"Science & Technology in the Long 20th Century" Conference, Department of History, Purdue University
This gathering was brain candy for me and a warm welcome to Purdue soon after arriving. On behalf of the History Department, Dr. Mary Mitchell and Dr. Sharra Vostral coordinated a creative intellectual experience by bringing bright minds from across campus, disciplines, and the world together to discuss science and technology. Organizers curated a dynamic conditions for conversation and cross-pollination set over a couple of days focused around a few roundtable themes: Gender, Sport, Environment, Violence, Information and Material World, and Biology. We heard keynotes by Susan Lindee and Sharra Vostral, and enjoyed meals and campus walks together. I didn't know what to expect when preparing my 5min flash presentation for the Gender & STEM roundtable, but found everyone to be engaged and engaging, curious and generative thinkers.
"Saving Embryos: Waking Up Christian Logics in Reproductive Technologies," 4S Conference, New Orleans, LA
First, I will reflect on lessons learned from scholarship in this tradition that addresses Christianity. Then, drawing upon ethnographic research from 2008-2018, I will offer a glimpse inside programs that manage embryos leftover from IVF, including a prominent “embryo adoption” program established by “pro-life” Christians (which I call Blossom) and a premier biobank for human embryonic stem cell research (which I call REDEEM Biobank). In my work, I have examined the medical, economic, and religious connotations of saving to trace the various alignments and stakes of them across these settings. Today, I use saving in a narrower sense to focus on the explicit and secularized Christian logics of salvation, resurrection, redemption subtending both programs that strive to convert IVF leftovers into renewed form. To conclude, I will trace how some of the same Christian logics are propelling the contemporary antiabortion movement, what this means for reproductive justice, and why we should care.... Louisiana is an exemplar place for seeing how Christian saving logics, expressed through embryo personhood politics, have real and wide implications.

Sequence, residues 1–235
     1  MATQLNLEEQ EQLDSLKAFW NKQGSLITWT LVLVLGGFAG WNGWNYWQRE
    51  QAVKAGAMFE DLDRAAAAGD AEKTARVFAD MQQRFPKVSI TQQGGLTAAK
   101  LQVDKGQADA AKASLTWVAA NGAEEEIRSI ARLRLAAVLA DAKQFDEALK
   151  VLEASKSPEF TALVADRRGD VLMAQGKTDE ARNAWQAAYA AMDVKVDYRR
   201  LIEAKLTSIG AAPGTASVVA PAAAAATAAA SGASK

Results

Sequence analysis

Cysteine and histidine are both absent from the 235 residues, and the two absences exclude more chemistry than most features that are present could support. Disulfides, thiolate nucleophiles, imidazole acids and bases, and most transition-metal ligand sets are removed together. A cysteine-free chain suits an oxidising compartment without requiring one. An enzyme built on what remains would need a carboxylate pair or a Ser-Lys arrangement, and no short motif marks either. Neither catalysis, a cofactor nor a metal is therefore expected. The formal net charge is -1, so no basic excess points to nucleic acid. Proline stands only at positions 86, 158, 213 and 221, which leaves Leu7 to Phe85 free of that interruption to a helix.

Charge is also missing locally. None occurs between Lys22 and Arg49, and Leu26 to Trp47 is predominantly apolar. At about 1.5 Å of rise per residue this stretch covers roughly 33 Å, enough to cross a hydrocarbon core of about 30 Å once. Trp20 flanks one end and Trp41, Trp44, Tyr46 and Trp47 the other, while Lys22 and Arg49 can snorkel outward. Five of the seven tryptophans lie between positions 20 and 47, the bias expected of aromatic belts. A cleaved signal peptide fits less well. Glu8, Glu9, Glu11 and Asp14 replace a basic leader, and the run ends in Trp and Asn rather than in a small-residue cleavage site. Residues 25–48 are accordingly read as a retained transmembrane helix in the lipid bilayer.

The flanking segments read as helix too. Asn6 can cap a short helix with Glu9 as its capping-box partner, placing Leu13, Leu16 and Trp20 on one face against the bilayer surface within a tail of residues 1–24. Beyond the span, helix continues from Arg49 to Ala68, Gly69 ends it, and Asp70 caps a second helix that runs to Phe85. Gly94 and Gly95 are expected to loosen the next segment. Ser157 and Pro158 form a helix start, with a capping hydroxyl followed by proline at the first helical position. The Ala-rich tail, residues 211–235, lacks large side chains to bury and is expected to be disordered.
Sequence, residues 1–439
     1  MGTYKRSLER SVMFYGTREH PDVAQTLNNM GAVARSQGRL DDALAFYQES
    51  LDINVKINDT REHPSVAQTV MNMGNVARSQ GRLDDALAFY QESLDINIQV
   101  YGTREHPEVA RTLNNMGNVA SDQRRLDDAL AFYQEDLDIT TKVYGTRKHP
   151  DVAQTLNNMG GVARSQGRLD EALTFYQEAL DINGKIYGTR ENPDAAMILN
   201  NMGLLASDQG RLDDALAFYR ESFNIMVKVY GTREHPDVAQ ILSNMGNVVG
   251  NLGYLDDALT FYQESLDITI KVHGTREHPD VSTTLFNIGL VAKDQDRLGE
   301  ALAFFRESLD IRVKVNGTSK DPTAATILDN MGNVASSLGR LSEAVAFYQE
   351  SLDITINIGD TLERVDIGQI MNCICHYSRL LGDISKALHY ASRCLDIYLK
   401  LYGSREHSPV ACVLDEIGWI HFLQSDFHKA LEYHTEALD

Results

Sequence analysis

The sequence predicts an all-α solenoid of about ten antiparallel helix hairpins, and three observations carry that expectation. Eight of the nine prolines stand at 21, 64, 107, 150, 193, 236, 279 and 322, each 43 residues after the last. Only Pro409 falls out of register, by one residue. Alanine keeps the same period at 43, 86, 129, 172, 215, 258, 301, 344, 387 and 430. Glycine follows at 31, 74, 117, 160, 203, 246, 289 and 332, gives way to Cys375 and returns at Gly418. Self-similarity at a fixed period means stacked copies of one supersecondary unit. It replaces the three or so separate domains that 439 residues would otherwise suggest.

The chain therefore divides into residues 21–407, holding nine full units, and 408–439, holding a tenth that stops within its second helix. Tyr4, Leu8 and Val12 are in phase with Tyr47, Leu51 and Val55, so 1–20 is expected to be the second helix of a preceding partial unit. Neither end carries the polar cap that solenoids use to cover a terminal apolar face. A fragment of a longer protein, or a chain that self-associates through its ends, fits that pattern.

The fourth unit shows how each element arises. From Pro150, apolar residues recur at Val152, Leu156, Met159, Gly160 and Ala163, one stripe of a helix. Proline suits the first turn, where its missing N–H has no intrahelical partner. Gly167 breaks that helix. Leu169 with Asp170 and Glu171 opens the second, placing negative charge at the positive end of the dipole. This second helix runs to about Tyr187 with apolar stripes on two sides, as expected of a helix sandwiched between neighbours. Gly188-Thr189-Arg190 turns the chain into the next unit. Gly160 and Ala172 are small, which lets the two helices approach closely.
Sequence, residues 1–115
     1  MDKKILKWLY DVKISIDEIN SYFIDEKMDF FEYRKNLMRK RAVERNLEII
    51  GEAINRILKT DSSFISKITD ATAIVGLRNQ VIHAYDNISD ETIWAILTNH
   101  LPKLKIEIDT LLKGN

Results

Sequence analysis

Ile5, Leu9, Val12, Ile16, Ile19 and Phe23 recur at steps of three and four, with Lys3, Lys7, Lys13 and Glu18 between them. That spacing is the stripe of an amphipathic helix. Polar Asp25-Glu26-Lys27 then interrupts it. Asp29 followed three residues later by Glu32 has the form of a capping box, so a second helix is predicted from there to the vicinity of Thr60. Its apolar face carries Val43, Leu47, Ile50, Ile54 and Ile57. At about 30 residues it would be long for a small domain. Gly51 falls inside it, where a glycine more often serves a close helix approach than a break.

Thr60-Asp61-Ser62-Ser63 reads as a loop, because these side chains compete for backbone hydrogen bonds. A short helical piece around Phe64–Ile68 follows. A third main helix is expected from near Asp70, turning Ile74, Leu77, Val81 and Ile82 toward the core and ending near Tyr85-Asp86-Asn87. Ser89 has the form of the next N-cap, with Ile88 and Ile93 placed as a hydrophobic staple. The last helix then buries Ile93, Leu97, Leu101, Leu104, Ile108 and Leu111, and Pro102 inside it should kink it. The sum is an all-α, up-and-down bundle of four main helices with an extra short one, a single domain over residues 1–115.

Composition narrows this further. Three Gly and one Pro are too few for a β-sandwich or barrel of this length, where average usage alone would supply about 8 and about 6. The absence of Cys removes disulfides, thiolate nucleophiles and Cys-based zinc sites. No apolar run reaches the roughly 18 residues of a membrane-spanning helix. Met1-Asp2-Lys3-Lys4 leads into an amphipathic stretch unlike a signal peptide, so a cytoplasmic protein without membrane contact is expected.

Hot off the press! My colleague Sandra Bärnreuther and I co-authored an essay for the Reproductive. Sociology Search Group (ReproSoc) at the University of Cambridge in which we compare trends we noticed in our different research settings where sperm, eggs, and embryos are frozen and managed. Check out the full post here!
Here's a teaser:
Looking through an anthropological lens, it is safe to assume that reproductive substances in biobanks, like cryopreserved donor gametes and embryos, are constituted in distinct ways within Indian In Vitro Fertilization (IVF) hospitals as compared to US research laboratories or “adoption” programs. Our respective ethnographic research in these settings confirms that reproductive substances are “a cultural and historical product, and one which may well look different in the varied locations in which we work” (Marsland and Prince 2012, 462). More surprising perhaps are the similarities in how cryopreserved gametes and embryos are transformed, reconfigured, and manifest multiple potentialities in our respective fieldsites. We began discussing these commonalities during the 2016 conference “Biobanques: Quelles Reconfigurations Pour Le Vivant? Approches Interdisciplinaires et Comparatives” in Paris, from which we both developed articles for publication in New Genetics and Society within a special issue on “Biobanks and the Reconfigurations of the Living.” In this blog post, we share common aspects that we encountered across distinct fieldsites and discuss questions they invite about the transformation of frozen life in reproductive biobanks...(Read on here)